Since 2016 we have been fortunate to work with AHS’s theater ensemble, the amazing students and their highly dedicated directors and staff. This years musical Sweet Charity explored issues of sexism misogyny and especially how young people are impacted in the systems we live in. Ward Dales, Gregory Theodore Marsh and NCBI, are true masters of creating safe space for the students to share their own stories and experiences around the topics. Creating a performance that is not only about the story itself - it’s about everyone who has every been in a situation of toxic societal norms and for everyone else learning how to be an ally.
Sweet Charity was performed at Albany High School March 28th - March 30th, 2019. Arts Letters & Numbers associate director Frida Foberg was part of the production as the scenic designer. Below are the directors note:
“This season the Ensemble chose to explore issues of sexism and misogyny, particularly as they impact the young people in our system. Not surprising, though still shocking, our pre-production workshops revealed that nearly every young woman in our Ensemble has experienced periodic, chronic or systematic sexual harassment and/or abuse. Some survived horrific acts of physical and emotional terrorism, other, micro-aggressions that are publicly sanctioned and often celebrated. Concerns about consent are real for our young women, and violations have a heart-breaking impact on their self-image and esteem, and their physical and emotional health. The impact of toxic masculinity on women is clear, but we don’t often reflect on how soul crushing it is for our young men when they fall in the line with its unspoken rules.
When given safe space to talk, all of our students - regardless of how they gender identify - have a story of pain to share: and what a gift to be able to support one another in this difficult exploration. For many of our young women, consent and autonomy are things that they feel they aren’t entitled to. Through listening ears and self-reflection, our NCBI workshops allowed our students to empower themselves. We need to make more time in our young people’s days to speak their painful secrets, their truths, and we need to provide them with more resources to learn how to be an effective ally and to stand up and educate others in a way that leaves a lasting impression.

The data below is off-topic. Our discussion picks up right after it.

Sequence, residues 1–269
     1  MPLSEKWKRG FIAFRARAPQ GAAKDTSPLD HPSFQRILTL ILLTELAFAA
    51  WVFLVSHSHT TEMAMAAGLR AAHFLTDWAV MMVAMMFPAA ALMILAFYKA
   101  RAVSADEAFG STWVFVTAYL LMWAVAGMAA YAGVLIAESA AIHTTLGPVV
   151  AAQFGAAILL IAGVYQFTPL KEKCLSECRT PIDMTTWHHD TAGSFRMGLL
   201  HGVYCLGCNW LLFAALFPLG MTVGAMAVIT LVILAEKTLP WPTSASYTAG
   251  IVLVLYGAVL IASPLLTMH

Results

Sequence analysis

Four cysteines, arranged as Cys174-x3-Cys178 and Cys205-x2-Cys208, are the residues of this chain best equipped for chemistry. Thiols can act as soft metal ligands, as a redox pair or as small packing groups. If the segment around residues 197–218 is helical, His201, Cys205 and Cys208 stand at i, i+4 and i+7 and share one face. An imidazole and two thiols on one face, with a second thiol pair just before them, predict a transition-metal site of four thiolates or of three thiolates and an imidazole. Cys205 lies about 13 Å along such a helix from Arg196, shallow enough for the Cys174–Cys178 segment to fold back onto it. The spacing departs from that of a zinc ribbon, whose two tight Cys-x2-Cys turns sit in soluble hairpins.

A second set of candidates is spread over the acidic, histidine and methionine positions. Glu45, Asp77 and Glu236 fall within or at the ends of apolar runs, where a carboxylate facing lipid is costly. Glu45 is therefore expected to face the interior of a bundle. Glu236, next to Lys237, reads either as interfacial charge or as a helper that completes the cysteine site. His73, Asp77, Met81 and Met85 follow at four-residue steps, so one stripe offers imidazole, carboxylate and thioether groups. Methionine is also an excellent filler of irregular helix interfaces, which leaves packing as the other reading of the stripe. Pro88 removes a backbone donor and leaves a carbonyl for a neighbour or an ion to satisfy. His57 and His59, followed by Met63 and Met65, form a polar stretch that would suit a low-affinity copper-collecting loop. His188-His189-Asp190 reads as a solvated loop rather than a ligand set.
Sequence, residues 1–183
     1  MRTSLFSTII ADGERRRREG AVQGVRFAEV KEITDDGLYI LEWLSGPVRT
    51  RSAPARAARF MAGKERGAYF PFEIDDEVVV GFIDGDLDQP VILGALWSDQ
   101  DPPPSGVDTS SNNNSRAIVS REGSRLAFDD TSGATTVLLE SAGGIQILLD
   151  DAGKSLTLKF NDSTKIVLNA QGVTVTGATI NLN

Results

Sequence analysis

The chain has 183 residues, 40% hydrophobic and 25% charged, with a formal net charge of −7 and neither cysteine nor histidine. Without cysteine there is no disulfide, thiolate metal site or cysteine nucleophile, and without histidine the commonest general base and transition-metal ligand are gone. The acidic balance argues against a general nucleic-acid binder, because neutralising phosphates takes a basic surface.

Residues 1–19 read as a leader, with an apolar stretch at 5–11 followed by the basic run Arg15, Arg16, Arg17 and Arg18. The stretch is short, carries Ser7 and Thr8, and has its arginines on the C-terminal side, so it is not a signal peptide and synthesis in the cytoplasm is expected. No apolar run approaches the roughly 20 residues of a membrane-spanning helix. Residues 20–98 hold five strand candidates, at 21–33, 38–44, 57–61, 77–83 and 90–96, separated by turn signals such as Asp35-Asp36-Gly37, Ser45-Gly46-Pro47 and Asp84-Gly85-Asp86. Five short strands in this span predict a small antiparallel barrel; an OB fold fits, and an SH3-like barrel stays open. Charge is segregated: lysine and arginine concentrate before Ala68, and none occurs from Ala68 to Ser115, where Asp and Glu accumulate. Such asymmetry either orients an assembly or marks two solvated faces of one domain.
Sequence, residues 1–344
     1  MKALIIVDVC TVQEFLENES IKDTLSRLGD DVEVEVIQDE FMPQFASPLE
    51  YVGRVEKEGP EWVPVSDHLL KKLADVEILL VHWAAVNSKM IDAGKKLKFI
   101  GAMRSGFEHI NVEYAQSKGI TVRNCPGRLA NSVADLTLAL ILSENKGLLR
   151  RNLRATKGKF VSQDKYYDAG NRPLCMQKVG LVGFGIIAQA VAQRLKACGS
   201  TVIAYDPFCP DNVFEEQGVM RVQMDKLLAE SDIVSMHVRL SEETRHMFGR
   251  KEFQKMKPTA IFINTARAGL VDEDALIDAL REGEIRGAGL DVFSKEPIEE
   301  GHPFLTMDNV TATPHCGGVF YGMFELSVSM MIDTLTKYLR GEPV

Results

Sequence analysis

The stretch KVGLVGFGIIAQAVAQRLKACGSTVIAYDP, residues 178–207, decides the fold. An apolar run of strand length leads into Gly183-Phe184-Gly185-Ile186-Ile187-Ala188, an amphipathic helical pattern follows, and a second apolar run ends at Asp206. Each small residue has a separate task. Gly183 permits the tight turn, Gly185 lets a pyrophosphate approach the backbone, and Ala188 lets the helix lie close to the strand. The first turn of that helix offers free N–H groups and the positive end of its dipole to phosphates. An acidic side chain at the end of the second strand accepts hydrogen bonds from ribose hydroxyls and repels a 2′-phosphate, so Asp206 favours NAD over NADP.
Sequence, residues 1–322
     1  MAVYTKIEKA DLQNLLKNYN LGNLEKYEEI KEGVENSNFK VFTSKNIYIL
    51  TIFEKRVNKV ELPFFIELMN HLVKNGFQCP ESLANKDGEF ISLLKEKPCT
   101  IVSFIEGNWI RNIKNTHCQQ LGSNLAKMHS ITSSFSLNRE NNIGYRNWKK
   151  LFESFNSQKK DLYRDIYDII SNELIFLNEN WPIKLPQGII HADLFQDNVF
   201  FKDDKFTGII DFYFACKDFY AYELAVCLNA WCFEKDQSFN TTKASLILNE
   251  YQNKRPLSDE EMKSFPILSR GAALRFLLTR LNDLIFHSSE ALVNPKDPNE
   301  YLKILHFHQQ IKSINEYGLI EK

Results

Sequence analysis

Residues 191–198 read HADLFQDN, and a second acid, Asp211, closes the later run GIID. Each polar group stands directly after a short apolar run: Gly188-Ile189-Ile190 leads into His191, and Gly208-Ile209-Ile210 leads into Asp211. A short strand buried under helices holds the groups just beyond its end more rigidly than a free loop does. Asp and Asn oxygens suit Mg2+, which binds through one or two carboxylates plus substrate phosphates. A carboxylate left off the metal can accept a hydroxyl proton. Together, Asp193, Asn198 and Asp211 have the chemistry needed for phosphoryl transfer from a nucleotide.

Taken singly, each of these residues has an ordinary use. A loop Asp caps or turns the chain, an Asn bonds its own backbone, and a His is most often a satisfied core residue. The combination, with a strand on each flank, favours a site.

“Sweet Charity” - Charity Hope Valentine - is a woman on a life-long quest to find love. While this may seem like a noble endeavor, she navigates the world under the notion that her worth and happiness are predicated on her ability to please a man. Her career of choice exposes her to the underbelly of New York life for sex workers and the men involved. While her employment at the Fan-Dango Ballroom pushes her into work that is a societal taboo, Charity, and her fellow dance hall hostesses, display autonomy and force us to challenge institutions that question female consent.
Sweet Charity may seem on the surface an inappropriate choice for a season focusing on social issues. It is, after all, about a woman who believes she can’t be happy until she is married to “Mr Right”: that she is incomplete without a man in her life. What better way to explore toxic societal norms than with a scenario about sex workers and misogynists? What a rich field full of teachable moments when artists and and old examine a sexist warhorse quite consciously through a feminist lens. How can we avoid reflecting on the autonomy of women in a play where women are selling themselves short and literally? What happens when we explore sexist literature and their guilt? They become more powerful - more themselves - they become educators and allies, and we surely need more of these, now more than ever.”
- Ward Dales and Gregory Theodore Marsh
Photography by Jahmere Holland